Dr. Nina Jablonski
Pennsylvania State University
Dr. Jablonski is Evan Pugh University Professor of Anthropology at The Pennsylvania State University. A biological anthropologist and paleobiologist, she studies the evolution of adaptations to the environment in Old World primates including humans. Her paleoanthropological research concerns the evolutionary history of Old World monkeys, and currently includes an active field project in China. Her research on the evolution of human adaptations to the environment centers on the evolution of human skin and skin pigmentation, and includes an active field project examining the relationship between skin pigmentation and vitamin D production.

Dr. Meave Leakey
National Museums of Kenya, Nairobi
Living in Kenya since 1965, Dr. Leakey’s research has focused on fossils recovered from the long-term field work in the Turkana basin and includes the evolution of monkeys, apes, carnivores and mammalian fauna. She continues to find evidence of the very earliest hominins.

Dr. Daniel Lieberman
Harvard University
Dr. Lieberman is Professor of Anthropology at Harvard University and Chair of the Department of Human Evolutionary Biology. Dr. Lieberman is recognized as a leading expert on morphology and is especially interested in when, how and why early hominins first became bipeds, and then became so exceptional as long distance endurance runners.

Dr. John Mitani
University of Michigan
Dr. Mitani is the James N. Spuhler Collegiate Professor and Associate Chair of Anthropology at the University of Michigan. He is a primate behavioral ecologist who investigates the behavior of our closest living relatives, the apes. His current research involves studies of an extremely large community of wild chimpanzees at Ngogo, Kibale National Park, Uganda.

Dr. Martin N. Muller
University of New Mexico
Dr. Muller’s research combines behavioral ecology and reproductive endocrinology. He conducted the first studies of hormones and behavior in wild chimpanzees, and since 2004 has served as co-director of the Kibale Chimpanzee Project. He has also done fieldwork with Hadza foragers and Datoga pastoralists in Tanzania. He is particularly interested in what comparisons between chimpanzee and human behavior and physiology can tell us about human evolution.

Dr. Robert Seyfarth
University of Pennsylvania
Dr. Seyfarth is an expert on primate social behavior, communication, cognition. In 1977, together with his wife and collaborator Dorothy Cheney, he began an 11-year field study of vervet monkeys in Kenya, which led to the publication of How Monkeys See the World. From 1992 through 2007 Dr. Seyfarth and Dr. Cheney studied baboons in the Okavango Delta of Botswana. In 2007, they published Baboon Metaphysics.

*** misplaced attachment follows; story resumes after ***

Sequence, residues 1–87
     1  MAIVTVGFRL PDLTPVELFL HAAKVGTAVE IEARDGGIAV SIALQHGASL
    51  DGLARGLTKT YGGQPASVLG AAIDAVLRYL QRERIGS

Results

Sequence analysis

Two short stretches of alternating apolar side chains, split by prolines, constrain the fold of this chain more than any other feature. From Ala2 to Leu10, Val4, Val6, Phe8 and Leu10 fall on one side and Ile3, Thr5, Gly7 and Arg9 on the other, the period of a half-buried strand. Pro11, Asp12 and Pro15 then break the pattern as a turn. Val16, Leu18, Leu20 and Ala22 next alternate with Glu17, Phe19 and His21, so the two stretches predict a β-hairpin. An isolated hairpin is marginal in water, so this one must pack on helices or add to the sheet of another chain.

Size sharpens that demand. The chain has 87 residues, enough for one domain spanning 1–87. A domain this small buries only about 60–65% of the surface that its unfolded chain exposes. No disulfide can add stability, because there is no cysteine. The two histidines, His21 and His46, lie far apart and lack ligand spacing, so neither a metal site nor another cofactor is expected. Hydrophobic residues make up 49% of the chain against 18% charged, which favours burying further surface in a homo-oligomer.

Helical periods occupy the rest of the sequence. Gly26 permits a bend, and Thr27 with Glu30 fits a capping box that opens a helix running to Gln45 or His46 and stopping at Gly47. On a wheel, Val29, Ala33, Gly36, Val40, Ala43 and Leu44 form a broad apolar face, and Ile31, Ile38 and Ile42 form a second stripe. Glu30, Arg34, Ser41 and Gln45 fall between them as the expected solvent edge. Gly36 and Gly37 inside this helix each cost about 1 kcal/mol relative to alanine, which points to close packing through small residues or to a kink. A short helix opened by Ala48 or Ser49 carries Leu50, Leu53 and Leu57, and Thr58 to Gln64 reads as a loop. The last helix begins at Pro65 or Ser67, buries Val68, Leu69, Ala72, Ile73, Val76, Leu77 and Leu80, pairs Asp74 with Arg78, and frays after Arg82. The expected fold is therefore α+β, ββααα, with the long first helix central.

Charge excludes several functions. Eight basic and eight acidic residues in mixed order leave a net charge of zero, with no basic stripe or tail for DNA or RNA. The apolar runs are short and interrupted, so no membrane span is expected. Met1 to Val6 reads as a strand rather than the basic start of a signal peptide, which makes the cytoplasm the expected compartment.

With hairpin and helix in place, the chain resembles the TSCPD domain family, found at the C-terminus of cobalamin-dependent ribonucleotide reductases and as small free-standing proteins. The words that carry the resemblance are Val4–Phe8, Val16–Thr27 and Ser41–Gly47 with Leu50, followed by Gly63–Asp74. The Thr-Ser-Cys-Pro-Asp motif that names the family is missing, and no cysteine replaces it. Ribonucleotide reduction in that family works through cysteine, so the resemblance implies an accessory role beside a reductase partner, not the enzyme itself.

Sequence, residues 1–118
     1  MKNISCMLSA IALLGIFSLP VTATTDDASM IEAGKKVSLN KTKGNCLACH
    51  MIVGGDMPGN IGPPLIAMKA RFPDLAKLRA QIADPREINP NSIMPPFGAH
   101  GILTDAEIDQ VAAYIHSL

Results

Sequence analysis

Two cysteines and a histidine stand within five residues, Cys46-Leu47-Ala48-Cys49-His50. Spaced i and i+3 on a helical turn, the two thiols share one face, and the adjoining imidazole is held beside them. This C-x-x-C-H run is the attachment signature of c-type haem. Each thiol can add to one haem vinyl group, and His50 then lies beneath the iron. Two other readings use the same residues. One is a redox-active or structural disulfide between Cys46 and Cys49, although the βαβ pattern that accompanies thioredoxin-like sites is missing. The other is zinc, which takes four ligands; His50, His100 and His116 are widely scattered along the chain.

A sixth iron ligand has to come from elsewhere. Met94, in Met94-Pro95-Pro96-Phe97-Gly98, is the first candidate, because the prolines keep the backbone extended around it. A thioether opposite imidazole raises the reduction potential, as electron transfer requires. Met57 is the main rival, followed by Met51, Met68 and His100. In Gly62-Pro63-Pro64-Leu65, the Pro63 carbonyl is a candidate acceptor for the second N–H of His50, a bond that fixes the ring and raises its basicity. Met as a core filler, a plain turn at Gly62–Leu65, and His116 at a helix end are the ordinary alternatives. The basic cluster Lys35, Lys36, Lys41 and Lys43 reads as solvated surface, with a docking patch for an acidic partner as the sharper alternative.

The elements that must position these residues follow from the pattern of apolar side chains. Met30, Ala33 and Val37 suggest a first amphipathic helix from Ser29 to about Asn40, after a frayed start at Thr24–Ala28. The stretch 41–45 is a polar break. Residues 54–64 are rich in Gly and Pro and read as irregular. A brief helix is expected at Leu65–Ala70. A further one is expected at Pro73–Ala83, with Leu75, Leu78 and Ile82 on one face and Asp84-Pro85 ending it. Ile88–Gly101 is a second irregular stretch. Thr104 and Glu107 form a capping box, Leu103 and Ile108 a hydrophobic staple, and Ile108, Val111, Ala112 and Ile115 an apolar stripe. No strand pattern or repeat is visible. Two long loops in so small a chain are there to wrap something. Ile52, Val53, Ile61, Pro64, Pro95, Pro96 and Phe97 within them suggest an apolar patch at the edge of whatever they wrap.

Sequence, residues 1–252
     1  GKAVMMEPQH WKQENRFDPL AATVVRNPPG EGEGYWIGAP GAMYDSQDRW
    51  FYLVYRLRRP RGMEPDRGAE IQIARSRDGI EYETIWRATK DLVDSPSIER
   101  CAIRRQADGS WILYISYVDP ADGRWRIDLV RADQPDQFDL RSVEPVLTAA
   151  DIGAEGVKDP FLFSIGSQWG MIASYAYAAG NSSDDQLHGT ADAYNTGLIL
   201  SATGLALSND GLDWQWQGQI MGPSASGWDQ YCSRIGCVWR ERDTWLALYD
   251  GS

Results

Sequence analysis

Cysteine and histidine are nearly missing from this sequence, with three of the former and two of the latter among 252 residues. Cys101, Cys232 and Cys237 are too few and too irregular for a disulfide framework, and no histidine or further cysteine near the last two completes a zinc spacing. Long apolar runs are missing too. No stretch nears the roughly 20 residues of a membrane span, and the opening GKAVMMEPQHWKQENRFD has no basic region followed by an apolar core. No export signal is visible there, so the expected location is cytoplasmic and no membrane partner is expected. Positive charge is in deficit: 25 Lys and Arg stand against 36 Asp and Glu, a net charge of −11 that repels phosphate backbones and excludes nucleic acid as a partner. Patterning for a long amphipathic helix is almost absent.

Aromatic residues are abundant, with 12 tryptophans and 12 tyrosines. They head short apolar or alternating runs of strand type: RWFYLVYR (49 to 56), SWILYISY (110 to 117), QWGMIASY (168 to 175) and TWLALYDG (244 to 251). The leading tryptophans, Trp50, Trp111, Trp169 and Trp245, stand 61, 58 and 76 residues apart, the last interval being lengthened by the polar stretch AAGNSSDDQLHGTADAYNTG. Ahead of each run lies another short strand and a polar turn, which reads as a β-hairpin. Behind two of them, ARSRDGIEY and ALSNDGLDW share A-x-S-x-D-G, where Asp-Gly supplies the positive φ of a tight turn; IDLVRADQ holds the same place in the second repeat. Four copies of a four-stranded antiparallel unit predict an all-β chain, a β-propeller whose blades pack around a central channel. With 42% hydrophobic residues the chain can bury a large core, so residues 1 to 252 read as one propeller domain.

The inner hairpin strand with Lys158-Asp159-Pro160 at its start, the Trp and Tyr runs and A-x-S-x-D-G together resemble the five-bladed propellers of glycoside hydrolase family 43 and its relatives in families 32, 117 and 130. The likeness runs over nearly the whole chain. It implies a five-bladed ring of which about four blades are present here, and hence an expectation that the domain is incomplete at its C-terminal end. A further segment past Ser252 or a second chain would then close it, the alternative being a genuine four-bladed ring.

Dr. Joan Silk
Arizona State University
Dr. Silk’s research interests are wide ranging and include biological anthropology, primate behavior, and evolutionary biology. She is especially interested in how natural selection shapes social evolution in primates. Her recent focus is on behavioral and reproductive strategies of female bonnet macaques and baboons. Joan is a prolific writer, an author of over 80 publications and co-author of a current biological anthropology text.

Dr. Anne Stone
Arizona State University
Anne Stone is Professor in the School of Human Evolution and Social Change at the Arizona State University. Her specialization and main area of interest is anthropological genetics. Currently, her research focuses on population history and understanding how humans and the great apes have adapted to their environments, including their disease and dietary environments.

Dr. Carol Ward
University of Missouri
Carol Ward is Curator’s Professor and Director of Graduate Education in the Integrative Anatomy Program at the University of Missouri. She is interested in the evolution of apes and early hominins. Her research focuses on fossils from East and South Africa. Dr. Ward takes a mechanical approach to the interpretation of the postcranial skeleton, and uses these principles to reconstruct the behavior of extinct animals. Her overall research goal is to understand human origins.

 

Leakey Foundation Staff

Ms. Sharal Camisa
Executive Director
(415)561-4646 Extension 14

Mr. H. Gregory
Program Associate and Science Writer
(415)561-4646 Extension 13

Ms. Arielle Johnson
Outreach Coordinator
(415)561-4646 Extension 10

Ms. Meredith Johnson
Communications Manager
(415)561-4646 Extension 15

Ms. Jenine Marquez
Administrative Assistant
(415)561-4646 Extension 11

Ms. Paddy Moore
Program Officer
(415)561-4646 Extension 17

Ms. Rachel Roberts
Finance Manager
(415)561-4646 Extension 18